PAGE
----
National Security Minister Jack Warner said he was too busy to discuss the Caribbean’s crime problem in a meeting of regional representatives in Haiti, earlier this week.
Well, that’s one way to avoid an awkward trip.
Warner is unlikely to be popular in Port-au-Prince since the controversy regarding FIFA and South Korea aid money meant to help Haiti’s rebuilding process after the devastating 2010 earthquake.
Federation of Haiti Football (FHF) president Yves Jean-Bart alleged that the ex-FIFA vice president failed to relay nearly $4.4 million (US$690,000) to the French-speaking island. The Chaguanas West MP denied the accusation.
Yesterday, Warner insisted that the only reason he skipped the CARICOM Inter-Sessional Meeting in Haiti was to stay on top of the local crime problem.
Violent crime in Trinidad and Tobago is inescapably intertwined with drugs that, along with accompanying weapons, are despatched to the two island republic from overseas.
And the CARICOM meeting, which was attended by US Attorney General Eric Holder, listed one of its primary goal as formulating “a regional strategy to combat transnational crimes such as trafficking of firearms, illegal narcotics and humans in addition to human smuggling.”
Is it not logical then that Warner’s war on crime would be best served by joining a group that aimed to combat the scourge nearer to its source?
Holder might have been happy to see Warner too.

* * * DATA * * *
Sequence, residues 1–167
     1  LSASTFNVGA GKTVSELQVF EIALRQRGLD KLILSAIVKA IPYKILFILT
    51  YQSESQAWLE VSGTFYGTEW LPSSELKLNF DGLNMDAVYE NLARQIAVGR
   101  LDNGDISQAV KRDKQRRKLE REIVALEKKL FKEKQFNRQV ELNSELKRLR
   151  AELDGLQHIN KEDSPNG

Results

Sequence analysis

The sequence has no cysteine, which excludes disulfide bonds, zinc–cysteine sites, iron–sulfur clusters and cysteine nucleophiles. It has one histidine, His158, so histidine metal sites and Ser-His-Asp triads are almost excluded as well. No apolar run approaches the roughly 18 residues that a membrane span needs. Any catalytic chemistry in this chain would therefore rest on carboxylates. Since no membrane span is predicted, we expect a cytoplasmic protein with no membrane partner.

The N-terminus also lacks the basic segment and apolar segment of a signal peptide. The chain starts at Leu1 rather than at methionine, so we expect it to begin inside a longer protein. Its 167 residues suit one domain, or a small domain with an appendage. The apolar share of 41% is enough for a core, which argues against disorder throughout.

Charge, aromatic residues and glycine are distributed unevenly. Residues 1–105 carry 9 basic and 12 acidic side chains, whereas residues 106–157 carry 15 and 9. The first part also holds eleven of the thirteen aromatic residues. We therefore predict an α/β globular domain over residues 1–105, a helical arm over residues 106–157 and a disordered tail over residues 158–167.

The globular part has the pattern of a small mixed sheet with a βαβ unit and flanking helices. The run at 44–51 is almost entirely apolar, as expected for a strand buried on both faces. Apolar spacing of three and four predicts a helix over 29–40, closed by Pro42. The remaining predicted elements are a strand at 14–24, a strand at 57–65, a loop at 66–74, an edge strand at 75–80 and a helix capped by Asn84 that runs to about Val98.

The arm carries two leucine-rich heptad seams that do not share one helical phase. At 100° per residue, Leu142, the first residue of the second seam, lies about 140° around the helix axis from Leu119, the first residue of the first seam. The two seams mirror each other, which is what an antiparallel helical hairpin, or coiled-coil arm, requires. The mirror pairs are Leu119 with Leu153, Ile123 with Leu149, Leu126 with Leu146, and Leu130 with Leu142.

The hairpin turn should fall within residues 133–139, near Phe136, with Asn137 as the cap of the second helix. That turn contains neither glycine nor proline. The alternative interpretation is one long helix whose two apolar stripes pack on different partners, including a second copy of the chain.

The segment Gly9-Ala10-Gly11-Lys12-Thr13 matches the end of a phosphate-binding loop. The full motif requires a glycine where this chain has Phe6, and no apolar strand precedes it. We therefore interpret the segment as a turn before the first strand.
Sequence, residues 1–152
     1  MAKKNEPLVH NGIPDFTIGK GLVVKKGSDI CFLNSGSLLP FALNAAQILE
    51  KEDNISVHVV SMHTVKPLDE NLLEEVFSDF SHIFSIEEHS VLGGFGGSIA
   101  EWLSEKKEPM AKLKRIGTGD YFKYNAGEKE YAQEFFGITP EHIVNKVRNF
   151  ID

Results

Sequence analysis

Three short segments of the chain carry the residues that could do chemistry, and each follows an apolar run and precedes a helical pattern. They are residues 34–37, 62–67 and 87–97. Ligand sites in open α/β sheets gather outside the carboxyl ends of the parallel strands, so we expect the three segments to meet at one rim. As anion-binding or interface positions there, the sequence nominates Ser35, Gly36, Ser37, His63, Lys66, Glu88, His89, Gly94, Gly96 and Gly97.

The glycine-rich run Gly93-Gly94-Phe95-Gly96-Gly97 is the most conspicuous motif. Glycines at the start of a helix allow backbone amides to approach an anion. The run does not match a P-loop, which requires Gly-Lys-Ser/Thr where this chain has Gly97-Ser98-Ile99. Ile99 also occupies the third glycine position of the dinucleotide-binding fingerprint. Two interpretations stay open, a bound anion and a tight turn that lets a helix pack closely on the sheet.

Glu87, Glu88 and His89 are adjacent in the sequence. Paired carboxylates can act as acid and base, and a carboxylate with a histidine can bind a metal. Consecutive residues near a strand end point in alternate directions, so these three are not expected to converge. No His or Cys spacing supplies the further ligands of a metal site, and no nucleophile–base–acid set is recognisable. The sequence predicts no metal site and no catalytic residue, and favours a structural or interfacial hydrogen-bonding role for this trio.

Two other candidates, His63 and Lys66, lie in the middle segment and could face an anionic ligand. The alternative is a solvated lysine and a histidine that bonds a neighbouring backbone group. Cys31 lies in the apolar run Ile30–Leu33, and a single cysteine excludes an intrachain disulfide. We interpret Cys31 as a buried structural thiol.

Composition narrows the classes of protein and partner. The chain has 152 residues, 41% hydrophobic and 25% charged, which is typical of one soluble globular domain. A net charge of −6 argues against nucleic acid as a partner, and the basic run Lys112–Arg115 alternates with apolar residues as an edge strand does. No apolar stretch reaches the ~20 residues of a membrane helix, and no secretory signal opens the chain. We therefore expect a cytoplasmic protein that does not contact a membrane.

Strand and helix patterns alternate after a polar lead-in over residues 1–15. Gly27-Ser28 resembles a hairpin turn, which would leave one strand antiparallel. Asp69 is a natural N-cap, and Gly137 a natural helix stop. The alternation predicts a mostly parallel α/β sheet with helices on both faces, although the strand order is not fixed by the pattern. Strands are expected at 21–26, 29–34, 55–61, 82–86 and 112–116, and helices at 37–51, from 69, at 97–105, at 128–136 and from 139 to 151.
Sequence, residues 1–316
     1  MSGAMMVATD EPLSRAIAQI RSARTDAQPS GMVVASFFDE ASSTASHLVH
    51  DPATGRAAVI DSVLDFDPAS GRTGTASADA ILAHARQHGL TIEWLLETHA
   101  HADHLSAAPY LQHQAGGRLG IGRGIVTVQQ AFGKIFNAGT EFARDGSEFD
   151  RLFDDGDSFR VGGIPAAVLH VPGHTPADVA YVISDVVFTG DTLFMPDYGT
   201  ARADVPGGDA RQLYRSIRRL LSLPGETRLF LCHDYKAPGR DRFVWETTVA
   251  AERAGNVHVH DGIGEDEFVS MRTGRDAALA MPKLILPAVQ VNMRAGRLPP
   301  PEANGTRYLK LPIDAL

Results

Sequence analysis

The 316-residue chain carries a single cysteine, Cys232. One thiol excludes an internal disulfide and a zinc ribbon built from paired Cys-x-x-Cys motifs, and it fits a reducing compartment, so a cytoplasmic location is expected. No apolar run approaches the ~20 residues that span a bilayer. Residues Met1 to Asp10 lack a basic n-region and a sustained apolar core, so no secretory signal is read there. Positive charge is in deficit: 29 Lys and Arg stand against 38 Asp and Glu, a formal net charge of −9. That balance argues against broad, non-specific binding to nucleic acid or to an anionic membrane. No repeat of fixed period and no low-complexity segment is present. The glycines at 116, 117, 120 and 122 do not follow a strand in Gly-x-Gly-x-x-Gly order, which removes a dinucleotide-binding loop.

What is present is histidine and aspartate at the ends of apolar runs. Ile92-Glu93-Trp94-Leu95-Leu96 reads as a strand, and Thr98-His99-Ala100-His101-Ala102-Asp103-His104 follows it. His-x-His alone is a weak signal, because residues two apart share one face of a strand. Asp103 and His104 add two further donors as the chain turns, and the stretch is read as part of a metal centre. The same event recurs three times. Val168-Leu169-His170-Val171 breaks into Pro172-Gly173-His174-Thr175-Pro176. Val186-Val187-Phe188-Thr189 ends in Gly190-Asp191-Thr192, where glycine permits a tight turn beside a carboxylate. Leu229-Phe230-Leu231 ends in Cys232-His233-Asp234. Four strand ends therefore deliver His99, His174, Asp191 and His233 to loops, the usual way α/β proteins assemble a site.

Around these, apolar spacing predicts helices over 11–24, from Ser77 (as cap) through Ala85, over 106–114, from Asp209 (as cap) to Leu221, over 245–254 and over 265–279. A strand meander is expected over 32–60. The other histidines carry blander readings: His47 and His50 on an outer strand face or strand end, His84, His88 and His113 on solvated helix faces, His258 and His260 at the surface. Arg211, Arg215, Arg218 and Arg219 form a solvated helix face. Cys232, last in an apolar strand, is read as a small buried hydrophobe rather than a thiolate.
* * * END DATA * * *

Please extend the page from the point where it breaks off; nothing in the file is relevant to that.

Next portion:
It was claimed last November that the FBI was probing Warner’s former CONCACAF general secretary, treasurer and close associate, Chuck Blazer, on tax evasion and money laundering during the pair’s reign at the confederation. And the US Attorney General is head of the FBI. It might have made for a meaningful chat between the pair in Haiti.
In truth, Warner is not known to have left local air space in close to two years since his gift exchange with another former FIFA vice-president, Mohamed Bin Hammam, went sour in 2011 and the Trinidadian took the non-stop bus out of FIFA.
Warner also rejected gossip that his sons, Daryan and Daryll, are in any sort of trouble abroad. He dared the media to repeat the rumours and make him a rich man.
“(My sons) are not in any way incarcerated and I won’t say much more than that,” Warner told the media. “If anybody knows anything otherwise, then print it.”
Warner spent much of the past month denying any involvement or knowledge of a clandestine quasi-police group operating on the fringe of the law and promised to make a public statement before the end of this week.
One thing seems certain, considering their apparent recent aversion to air miles, no one can accuse the Warners of being direct members of any flying squad.